A vast range of individuals who are not members of agencies or organisations have made contributions -- often heroic contributions -- to fighting bushfires or providing relief to victims. They cannot all be mentioned here, but, like Mr Jennings, I would like to refer specifically to a couple of them.

Mr Peter Thorneycroft, who was still recovering from serious injury himself on Black Saturday, stood on the roof of Kinglake's National Park Hotel.

With the inferno raging around him, flames on all sides, houses in the immediate vicinity bursting into flames and almost engulfed in smoke, Mr Thorneycroft poured water from buckets onto spot fires as they broke out in the hotel beneath him. Mr Thornycroft's heroism probably saved the lives of 20 people sheltering in the hotel beneath his feet.

Mr Ranald Webster was badly hurt in the Ash Wednesday fires of a quarter of a century ago. Photographs show that after those fires he was very badly scarred. Now, thankfully, his face shows few

Page 898

signs of burns or scarring. He is 87 years old, but he has been visiting victims of this fire in hospital to show them that there is hope, by demonstrating that many injuries can heal and that their scars may not be terrible.

In the context of efforts made by individuals, like Ms Pennicuik I would like to recognise the Premier and to acknowledge how he has been supported and assisted by the Treasurer and other ministers. In my opinion the Premier has done as well as any leader could have done in giving comfort and support to the survivors of this tragedy.

Cynicism about politicians, as we all know, is rife throughout the community, but I am absolutely sure there is not one of us in this entire Parliament who would not be genuinely and profoundly moved by coming face to face with any of the victims of this tragedy, particularly those who are burns victims.

Doctors and nurses have gone beyond the terms of any contract of employment in treating the injured. It is apparent to any observer that medical staff are doing everything they possibly can for victims and that they are giving not only their professional expertise but loving care, compassion and dedication. This was epitomised for me by the photographs of a burns victim who was bandaged from head to toe, with only his eyes visible -- I say 'his', but it could have been a woman -- and he or she was being cared for with obvious tenderness, compassion and love by a nurse.

All the medical personnel, including ambulance drivers and other ambulance personnel, who were involved in the treatment of burns deserve thanks and admiration not only from the victims and their families but from every one of us.

Similarly many police officers went beyond the call of duty in rescuing people during the fires and protecting communities in their aftermath. Many police officers from New South Wales have volunteered and are volunteering to come to Victoria to assist recovery efforts and to relieve Victorian police officers; also, forensic experts have come voluntarily from the Northern Territory. I thank all police involved, and I thank the governments of New South Wales and the Northern Territory for facilitating this assistance.

Of course our firefighters, particularly the volunteers, are true heroes of this disaster. A recent letter to a Melbourne newspaper editor said it very well. It was written by an American immigrant. He wrote that the volunteers of the Country Fire Authority made him proud to be an Australian. Many of us, whether born locally or overseas, would wholeheartedly share his sentiments.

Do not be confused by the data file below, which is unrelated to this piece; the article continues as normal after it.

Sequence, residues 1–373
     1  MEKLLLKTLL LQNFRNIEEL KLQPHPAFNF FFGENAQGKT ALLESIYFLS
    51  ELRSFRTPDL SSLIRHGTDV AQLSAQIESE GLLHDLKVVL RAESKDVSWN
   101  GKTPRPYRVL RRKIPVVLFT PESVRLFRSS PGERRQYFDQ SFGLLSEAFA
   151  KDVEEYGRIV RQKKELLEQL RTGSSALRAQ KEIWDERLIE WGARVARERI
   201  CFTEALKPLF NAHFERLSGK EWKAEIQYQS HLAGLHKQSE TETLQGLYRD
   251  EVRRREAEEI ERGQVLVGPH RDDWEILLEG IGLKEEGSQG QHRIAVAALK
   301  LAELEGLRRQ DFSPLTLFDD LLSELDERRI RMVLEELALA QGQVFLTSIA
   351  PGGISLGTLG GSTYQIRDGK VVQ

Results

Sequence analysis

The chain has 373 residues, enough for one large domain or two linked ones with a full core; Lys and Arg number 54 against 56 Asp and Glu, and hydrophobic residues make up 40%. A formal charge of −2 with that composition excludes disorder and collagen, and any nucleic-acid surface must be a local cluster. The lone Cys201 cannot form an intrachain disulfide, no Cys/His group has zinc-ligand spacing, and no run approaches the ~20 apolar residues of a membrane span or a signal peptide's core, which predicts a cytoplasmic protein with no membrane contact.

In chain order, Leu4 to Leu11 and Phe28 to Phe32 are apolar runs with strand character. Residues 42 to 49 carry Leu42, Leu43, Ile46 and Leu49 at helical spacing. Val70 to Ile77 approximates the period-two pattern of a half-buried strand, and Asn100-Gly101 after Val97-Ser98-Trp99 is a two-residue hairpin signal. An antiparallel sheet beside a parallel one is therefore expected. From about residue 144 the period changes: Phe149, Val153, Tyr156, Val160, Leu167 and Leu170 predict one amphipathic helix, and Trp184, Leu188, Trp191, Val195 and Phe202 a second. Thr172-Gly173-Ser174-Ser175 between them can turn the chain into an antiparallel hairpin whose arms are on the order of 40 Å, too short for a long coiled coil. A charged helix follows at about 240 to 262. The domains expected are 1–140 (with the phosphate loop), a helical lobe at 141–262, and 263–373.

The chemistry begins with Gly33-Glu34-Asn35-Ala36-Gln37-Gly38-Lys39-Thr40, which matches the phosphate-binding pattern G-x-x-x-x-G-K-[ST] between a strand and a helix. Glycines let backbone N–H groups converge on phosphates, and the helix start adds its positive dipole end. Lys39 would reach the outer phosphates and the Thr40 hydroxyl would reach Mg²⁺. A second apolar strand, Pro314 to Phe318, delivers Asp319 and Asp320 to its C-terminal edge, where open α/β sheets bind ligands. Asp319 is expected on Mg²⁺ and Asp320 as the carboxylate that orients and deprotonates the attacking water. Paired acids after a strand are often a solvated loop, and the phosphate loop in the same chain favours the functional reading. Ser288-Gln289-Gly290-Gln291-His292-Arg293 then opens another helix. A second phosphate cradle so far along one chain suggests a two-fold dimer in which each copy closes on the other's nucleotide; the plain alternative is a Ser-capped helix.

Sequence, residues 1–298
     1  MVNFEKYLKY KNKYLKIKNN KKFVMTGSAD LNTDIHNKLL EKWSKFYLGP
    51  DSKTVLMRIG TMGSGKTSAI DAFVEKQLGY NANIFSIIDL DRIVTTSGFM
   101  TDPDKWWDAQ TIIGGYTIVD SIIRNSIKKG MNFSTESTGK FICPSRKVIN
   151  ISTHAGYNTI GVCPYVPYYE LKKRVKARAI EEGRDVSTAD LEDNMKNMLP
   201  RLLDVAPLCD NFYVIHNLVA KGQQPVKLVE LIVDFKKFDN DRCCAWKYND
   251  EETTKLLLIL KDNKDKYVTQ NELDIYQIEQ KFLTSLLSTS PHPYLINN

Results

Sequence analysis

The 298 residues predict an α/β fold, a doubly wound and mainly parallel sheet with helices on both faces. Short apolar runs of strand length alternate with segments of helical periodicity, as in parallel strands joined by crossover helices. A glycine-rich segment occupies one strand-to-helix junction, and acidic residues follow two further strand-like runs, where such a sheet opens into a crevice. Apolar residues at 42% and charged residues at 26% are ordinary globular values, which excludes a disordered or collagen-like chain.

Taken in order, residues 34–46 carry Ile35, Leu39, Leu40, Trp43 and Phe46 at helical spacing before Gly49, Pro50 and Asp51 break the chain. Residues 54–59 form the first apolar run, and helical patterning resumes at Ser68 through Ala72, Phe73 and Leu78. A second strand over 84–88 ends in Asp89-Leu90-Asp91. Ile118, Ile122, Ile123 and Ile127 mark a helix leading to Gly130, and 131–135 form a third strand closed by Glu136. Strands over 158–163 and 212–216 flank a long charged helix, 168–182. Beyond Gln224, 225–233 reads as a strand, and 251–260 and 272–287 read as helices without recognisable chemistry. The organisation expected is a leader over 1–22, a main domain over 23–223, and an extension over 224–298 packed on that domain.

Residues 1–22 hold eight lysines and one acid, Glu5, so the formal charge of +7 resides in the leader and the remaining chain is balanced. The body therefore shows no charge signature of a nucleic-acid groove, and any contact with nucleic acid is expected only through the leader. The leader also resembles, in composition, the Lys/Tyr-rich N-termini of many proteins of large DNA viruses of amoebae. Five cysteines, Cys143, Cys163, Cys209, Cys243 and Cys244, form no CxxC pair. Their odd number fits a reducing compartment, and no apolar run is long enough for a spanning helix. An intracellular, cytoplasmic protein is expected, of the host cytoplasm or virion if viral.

We often admire stars of the screen, sporting arena or stage for their great accomplishments, but the volunteer firefighters and State Emergency Service workers are our genuine heroes. Without financial reward, they train over extended periods to develop firefighting skills. In the most difficult and dangerous conditions, they give their all in their struggle to protect lives and property. Their sacrifice, dedication and courage are an inspiration to, and an icon of, our nation.

Two particular groups of firefighters warrant special mention. First are those who have volunteered from other states and territories to come to battle the fires in Victoria. They have come from Tasmania, New South Wales, South Australia, the Australian Capital Territory, Western Australia, and Queensland. From every part of our island continent, people have volunteered to come to Victoria to give their skill, their strength, their courage, their expertise and their extraordinary effort.

Every single one of them knew that they were volunteering for dirty, dangerous, gruelling and exhausting work, battling infernos. Unfortunately, as recognised by Mr Jennings, one of these volunteers, Mr David Balfour of the Australian Capital Territory, has been killed helping us. We honour his memory and express our deepest sympathies to his wife and three children.

Even from beyond Australia volunteers have come to help fight Victoria's fires. From across the Tasman Sea and from across the Pacific Ocean -- from New Zealand, Canada and the United States of America -- heroes have come to Victoria to help us in our hour of need. We should never forget them and always be thankful for their heroic contributions.

I am sure that I represent the vast majority of people in this state when I offer condolences to all those who have lost loved ones in these fires.

May we find some solace and comfort in the generosity, the efforts and in many cases the heroism of those who have helped. To all those who fought the bushfires or helped its victims, I offer sincerest praise, deepest admiration and gratitude from the bottom of my heart.


Peter Kavanagh MLC
Member for Western Victoria
Parliament of Victoria

"La Cabine"
2nd Floor
1 Yarra Street
Geelong VIC 3220

Ph: 03 5222 1503
Fax: 03 5222 8677